How to Help My Baby Poop When Constipated: 12 Profitable Choices to Choose from!


Date July 12th, 2021

Produced by Marilyn Smith -The #1 Midwife

Hello Mamas -to -be! What a timely topic I have for you today. Not having your baby poop ain’t no joke! It is serious business right? Yea I know. Been there done that!

This article will explore several factors to help your baby to poop when constipated:What foods make baby poop and

  • What foods make baby poop and which foods don’t?
  • How can I get my baby to poop?
  • More ways to help my baby poop easier?
  • How often should newborns poop?

It’s every mamas concern!!!!

Every mom on this earth who is caring for a baby is always concerned that their little star’s bowels are working well enough for their baby to have no discomfort in their bowel movements. I remember going through this as a new mom and it was torture as I watched my baby wiggling, grunting, to get a release, then hysterically crying and looking to me for help! Can any of you relate?

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1. What foods make baby poop?

It is important to note that what we eat has a lot to do with how often we go to the bathroom. Here are some foods that are naturally bound to help your child to have a safe pass.

Spinach-

A great way to pack some natural goodness into your little star. Fresh spinach is normally saved for our own salads, but newborns should also be included to the greens party. Spinach is high in fiber and vitamins, which help your baby’s excrement flow more easily. Make a fruit smoothie with some fresh spinach for both of you! Delicious!

Peas – Peas are frequently one of the first foods offered to a newborn who is just starting solid foods. If your baby requires assistance with pooping, this is fantastic news. Peas are high in soluble and insoluble fiber, which helps keep your baby’s stool soft and moving. This allows you to pass more easily without having to struggle.

Ripe pears – Nothing compares to the taste of a ripe, juicy pear. This seasonal delight will help ease and perhaps prevent constipation in your infant. Pears are high in fiber and one of the first foods that youngsters can try. They can be cooked, but they’re tender enough to eat raw. Without teeth, your baby can securely chew on little bits of ripe pear.

Delicious broccoli- Now is the best time to introduce broccoli to your infant. Chances are, if children are introduced to these foods while they are young, the chances of them loving it when they are older ranks higher  Broccoli is high in fiber and high in vitamins. Cooked broccoli can be blended in a food processor, or small, bite-sized pieces of soft, cooked broccoli can be served. 

Apples – Constipation can be avoided with an apple a day! Apples are abundant in fiber and can help attract water into your baby’s colon (particularly if the skin is left on). This keeps the stool soft and easy to pass for the baby. To help things get back on track, serve small slices of cooked apple or pour some apple juice into a sippy cup. Apples are an excellent first-stage baby meal. 

Sweet potatoes –Sweet potatoes are delightful in almost any recipe, and they work well for a baby who needs to poop. They include a lot of insoluble fiber, which will assist your infant pass gas quickly. Cooking and mashing a sweet potato or roasting fries in the oven for fun finger food is a great way to make your own baby food.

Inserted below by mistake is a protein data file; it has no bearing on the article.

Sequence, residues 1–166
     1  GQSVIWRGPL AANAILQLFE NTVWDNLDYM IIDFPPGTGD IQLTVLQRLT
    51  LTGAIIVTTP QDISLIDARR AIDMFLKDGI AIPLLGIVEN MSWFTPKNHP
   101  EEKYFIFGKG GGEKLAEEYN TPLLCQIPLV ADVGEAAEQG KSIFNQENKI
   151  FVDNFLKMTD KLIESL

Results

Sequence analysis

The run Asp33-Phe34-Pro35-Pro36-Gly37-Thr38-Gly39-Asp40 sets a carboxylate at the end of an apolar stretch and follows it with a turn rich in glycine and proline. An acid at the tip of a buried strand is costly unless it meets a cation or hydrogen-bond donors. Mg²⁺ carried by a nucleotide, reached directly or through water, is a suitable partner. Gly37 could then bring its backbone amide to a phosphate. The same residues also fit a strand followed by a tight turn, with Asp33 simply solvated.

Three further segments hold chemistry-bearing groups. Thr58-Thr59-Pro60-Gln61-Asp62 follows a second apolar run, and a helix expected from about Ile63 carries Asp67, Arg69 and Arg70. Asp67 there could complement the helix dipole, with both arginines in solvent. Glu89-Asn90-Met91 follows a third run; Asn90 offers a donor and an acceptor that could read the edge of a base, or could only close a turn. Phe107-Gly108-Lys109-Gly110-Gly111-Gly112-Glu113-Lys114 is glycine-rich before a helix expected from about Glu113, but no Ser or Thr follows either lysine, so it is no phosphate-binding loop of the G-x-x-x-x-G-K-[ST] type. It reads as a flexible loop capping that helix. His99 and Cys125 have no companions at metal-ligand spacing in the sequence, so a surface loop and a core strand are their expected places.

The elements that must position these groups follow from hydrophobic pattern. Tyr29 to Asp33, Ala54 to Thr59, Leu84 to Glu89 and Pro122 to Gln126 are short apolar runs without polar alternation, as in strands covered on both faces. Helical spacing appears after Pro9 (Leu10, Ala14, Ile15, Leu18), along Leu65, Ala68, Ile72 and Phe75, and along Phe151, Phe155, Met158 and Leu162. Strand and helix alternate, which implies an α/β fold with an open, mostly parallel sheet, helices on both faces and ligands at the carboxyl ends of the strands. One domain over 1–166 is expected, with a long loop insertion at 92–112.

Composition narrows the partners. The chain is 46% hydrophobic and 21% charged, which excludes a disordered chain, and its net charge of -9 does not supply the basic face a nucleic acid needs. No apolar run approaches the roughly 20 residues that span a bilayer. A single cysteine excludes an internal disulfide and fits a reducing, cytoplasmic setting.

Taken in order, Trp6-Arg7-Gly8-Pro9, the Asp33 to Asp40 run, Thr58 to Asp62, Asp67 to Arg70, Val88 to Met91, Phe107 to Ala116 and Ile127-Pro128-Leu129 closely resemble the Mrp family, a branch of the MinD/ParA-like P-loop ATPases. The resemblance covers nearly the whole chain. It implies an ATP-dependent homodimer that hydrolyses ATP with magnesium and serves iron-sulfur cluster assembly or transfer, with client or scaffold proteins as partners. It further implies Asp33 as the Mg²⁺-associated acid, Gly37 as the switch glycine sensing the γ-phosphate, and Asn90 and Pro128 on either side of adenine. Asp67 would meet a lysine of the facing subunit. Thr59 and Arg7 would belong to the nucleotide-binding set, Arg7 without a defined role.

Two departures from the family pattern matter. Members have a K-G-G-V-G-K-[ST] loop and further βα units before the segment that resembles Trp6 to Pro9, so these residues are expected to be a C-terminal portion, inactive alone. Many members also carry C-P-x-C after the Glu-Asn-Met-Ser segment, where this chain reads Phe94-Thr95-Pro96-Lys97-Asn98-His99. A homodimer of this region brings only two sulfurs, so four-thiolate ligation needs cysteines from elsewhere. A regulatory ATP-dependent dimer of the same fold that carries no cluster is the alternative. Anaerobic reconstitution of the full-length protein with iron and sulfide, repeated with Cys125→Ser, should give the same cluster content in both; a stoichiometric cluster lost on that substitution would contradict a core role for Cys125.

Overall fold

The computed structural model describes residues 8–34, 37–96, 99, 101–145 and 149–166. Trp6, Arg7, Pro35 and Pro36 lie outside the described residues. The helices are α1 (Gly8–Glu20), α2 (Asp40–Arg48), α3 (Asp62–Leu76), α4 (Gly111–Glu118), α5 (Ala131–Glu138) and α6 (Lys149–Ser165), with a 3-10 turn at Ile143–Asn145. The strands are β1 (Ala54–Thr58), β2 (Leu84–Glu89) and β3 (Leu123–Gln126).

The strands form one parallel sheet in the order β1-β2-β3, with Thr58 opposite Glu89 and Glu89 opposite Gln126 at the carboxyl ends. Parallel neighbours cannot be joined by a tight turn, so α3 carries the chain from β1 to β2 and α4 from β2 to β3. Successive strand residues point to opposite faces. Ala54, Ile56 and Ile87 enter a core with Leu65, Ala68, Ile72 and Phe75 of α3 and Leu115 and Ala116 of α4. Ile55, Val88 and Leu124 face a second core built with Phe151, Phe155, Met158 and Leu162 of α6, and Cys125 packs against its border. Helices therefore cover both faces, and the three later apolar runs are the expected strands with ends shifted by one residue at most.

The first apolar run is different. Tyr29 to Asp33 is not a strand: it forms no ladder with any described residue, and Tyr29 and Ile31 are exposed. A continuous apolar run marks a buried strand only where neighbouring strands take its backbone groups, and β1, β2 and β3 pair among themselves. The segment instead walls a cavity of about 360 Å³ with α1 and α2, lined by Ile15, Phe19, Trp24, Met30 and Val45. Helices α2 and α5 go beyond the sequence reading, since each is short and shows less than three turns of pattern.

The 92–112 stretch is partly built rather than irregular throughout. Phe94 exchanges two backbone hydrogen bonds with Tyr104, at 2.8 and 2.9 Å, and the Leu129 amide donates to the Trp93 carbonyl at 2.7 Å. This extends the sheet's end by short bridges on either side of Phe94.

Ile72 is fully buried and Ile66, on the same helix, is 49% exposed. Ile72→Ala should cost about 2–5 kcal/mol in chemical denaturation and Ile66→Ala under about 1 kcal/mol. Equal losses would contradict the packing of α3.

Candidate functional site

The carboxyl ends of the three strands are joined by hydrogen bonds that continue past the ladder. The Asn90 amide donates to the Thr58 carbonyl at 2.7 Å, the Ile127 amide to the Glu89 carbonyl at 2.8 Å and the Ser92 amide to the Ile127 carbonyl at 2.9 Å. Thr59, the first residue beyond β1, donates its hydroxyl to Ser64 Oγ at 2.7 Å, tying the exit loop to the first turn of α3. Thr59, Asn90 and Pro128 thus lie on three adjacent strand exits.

Prunes-These are one of the finest high-fiber foods for a newborn with gastrointestinal issues, which comes as no surprise. If your child is just beginning to eat solid foods, prepare and mash some prunes to feed her. Cooked prunes can also be crushed into tiny, nibble pieces suitable for your little star.

Special note-

 Fruit juice is also a good option, like prune, pear, or apple. Remember, babies younger than 8 weeks shouldn’t have any fruit juice.

Foods to avoid to constipation in children

Just as there are foods to prevent constipation, there are foods that can actually make it worse. Beware of these foods when your child has constipation:

1. Cereal-

Babies and toddlers can’t get enough of this popular first food, whether they’re just starting out with rice cereal or lugging a bag of Cheerios about with them wherever they go. Lets face it Cereal may cause more formed poop, reducing the quantity of poopy diapers used each day. Reduce the amount of cereal you eat and replace it with more fresh fruits and vegetables.

2. Bananas-

Bananas are an excellent first food for babies (and a yummy way to cut calories when baking). They can, unfortunately, slow down your baby’s digestion and, as a result, their defecation. Take a vacation from bananas and take advantage of the opportunity to sample some new fruits.

3.Cheese-

Easy foods for newborns learning to consume solids include dairy products such as little cubes of cheese or delicately flavored yogurt. Cheese is a low-fiber food that might cause constipation, despite its safety and convenience. Cut back on dairy items for a few days to see whether your baby’s condition improves.

How can I get my baby to poop?

It is a sign that your baby is healthy if he or she poops on a regular basis. Pooping is something we all have to do on a regular basis.  Your baby, on the other hand, may go days without pooping.

Don’t worry if your baby’s immature  intestines take a while to adjust. In the meantime, attempt to come up with a technique to get your kid to poop outside the house. Here are some things you can try:

1.Try cycling exercises with baby-

Make your baby lie down on the bed with his or her legs held together at the ankles. To stimulate your baby’s large intestines, work his or her legs in a cycling motion for about 3 -5 minutes. This aids in the release of trapped gas as well as the rapid production of stool.